Taba village residents benefit from access to basic sanitation


Nikuze Assouma, 65, is a widow living with her two grandchildren in Taba Village, Kanyinya Sector of Nyarugenge district. The village is inhabited by 28 families, or 120 people, that have been relocated by the government of Rwanda from high risk zones. Assouma has lived in the village for three years.

When Isuku Iwacu visited Taba village, the residents were using two shared public latrines that did not mum standards for sanitation as they lacked features such as doors, hand washing stations and pit covers. Moreover, some families had to walk about 800m from their houses to use the latrines. In the evening and late at night, residents like Assouma and her female grand-children were afraid of going out to use them.

Due to poor maintenance and lack of proper hygiene, residents, especially women and girls, were at risk of contracting infections and other diseases caused by poor hygienic conditions.

“I was continually getting treated for infections because of the unhygienic state of the public latrines” said Assouma

In June 2019, Isuku Iwacu partnered with the local district authorities to construct 22 basic latrines for the residents to provide access to basic sanitation for 95 residents. Local sector and cell authorities mobilized residents to contribute labor by digging pit latrines and providing mud bricks while Isuku Iwacu through a private construction company completed construction of the latrines.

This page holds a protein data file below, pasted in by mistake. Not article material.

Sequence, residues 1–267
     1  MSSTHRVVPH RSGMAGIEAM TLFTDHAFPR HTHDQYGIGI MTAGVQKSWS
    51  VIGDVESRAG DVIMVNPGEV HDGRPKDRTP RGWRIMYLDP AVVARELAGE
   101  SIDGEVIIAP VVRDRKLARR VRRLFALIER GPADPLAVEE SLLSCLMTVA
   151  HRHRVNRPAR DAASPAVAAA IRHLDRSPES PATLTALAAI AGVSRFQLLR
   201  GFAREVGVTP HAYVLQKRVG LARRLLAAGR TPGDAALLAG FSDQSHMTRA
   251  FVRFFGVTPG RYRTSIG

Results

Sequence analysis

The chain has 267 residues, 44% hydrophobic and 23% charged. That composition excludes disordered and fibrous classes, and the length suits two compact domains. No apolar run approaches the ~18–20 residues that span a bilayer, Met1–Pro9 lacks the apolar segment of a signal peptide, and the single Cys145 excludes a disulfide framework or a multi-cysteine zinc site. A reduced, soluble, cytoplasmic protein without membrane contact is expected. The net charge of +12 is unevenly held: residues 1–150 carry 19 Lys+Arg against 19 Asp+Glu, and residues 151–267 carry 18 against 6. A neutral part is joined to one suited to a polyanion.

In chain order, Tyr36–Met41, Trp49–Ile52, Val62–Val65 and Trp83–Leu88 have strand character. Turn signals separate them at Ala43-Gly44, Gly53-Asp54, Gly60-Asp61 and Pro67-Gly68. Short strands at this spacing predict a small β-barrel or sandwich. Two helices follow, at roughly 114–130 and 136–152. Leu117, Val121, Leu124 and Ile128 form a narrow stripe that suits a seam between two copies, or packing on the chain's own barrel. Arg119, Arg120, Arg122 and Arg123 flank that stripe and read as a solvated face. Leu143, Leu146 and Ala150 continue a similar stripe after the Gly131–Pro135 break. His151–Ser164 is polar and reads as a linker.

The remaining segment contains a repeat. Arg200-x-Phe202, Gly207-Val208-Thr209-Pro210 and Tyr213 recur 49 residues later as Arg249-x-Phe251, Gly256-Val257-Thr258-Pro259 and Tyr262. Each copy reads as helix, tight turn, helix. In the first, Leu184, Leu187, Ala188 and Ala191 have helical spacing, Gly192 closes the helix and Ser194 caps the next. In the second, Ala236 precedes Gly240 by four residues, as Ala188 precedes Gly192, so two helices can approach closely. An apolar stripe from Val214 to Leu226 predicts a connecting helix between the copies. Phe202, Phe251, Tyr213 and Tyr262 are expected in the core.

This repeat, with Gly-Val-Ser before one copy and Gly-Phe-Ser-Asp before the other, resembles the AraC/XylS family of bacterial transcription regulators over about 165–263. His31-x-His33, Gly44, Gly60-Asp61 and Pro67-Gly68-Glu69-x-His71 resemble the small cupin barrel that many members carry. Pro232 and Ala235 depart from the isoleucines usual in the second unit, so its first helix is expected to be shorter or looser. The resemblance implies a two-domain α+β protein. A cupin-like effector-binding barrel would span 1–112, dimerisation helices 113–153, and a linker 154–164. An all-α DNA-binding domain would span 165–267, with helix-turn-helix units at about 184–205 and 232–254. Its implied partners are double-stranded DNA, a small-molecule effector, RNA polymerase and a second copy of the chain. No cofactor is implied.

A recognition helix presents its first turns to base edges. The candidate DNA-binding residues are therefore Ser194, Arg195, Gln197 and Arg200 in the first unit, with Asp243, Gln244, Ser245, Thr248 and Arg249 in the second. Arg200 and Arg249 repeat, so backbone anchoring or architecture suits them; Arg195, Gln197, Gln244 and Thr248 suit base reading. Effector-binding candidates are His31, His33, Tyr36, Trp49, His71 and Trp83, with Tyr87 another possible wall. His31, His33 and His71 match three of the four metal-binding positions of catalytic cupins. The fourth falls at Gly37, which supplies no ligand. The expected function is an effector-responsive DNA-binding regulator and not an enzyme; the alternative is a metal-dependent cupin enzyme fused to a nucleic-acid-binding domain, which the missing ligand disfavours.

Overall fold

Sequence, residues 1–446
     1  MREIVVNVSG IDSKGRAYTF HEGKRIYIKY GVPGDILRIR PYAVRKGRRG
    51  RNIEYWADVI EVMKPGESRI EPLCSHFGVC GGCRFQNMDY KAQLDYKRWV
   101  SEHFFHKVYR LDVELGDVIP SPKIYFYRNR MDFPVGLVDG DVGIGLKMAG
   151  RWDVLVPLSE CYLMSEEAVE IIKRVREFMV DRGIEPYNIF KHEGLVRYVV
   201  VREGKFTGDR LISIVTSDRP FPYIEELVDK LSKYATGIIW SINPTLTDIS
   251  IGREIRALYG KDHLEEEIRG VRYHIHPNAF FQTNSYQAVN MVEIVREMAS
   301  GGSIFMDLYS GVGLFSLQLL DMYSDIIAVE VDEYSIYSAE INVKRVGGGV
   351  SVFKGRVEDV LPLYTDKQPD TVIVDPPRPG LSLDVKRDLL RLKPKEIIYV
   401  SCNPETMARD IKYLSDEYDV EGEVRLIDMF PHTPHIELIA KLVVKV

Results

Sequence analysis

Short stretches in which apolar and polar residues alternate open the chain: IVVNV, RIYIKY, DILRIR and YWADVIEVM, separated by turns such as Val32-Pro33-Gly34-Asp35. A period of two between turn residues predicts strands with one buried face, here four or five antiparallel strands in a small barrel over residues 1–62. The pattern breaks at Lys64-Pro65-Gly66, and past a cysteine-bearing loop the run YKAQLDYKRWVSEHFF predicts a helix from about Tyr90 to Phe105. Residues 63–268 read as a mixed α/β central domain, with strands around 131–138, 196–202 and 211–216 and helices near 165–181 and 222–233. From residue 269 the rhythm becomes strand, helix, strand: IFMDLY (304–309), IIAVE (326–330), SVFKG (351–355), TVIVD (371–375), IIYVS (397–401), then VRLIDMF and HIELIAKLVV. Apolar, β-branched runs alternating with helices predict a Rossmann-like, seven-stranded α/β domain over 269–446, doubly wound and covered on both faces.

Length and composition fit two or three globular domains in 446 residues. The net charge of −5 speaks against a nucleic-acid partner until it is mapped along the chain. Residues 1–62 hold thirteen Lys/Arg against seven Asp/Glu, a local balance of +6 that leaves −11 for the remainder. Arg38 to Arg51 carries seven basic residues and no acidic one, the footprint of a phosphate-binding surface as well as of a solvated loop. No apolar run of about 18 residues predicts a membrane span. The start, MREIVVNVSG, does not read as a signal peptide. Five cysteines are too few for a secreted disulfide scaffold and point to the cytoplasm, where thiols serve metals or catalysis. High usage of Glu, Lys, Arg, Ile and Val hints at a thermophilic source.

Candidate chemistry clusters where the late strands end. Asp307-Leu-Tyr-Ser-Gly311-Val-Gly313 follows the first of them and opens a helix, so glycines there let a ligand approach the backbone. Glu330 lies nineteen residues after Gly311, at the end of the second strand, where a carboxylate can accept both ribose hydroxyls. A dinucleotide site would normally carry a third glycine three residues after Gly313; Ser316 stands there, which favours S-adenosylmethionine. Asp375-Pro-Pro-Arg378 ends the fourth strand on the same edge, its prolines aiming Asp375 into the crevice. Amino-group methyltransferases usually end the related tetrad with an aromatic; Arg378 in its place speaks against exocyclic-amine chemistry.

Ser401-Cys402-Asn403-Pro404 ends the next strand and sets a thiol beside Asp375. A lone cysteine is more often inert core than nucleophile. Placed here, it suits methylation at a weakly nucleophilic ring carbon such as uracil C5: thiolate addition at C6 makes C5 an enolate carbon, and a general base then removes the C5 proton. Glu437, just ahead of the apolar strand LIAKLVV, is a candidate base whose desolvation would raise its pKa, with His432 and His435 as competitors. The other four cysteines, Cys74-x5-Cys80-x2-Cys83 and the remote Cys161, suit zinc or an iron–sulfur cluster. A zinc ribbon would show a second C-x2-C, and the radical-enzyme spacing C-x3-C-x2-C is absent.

Isuku Iwacu has been working with private companies across its eight target districts to construct latrines for vulnerable people in collaboration with district authorities since March 2018. Furthermore, Isuku Iwacu has used these opportunities to build the capacity of local entrepreneurs to construct basic latrines in line with the internationally recognized standards and the 2016 government of Rwanda sanitation policy.

One of the double pit latrine constructed by Isuku Iwacu in Taba Village.

Nikuze Assouma explains the health benefits of her new latrine to the Mayor.

The community in Taba village supported each other with labor. Elderly persons such as Assouma and other people living with disabilities received support from the community to provide mud bricks and dig pits. While Assouma received support in providing mud bricks, she used earnings from her small scale farming activities to pay for a local entrepreneur to dig the pit.

Isuku Iwacu handed over the new latrines to the residents in a public event in which behavior change communication messages and materials were disseminated to the residents. The event was attended by the Mayor of Nyarugenge district, sector and cell officials and SNV’s country director.

Isuku Iwacu, upon the request of Nyarugenge district, will continue to collaborate with local officials by conducting open defecation free (ODF) training in Taba village to ensure that the village is pre-declared ODF.



Written by Minnie N. Karanja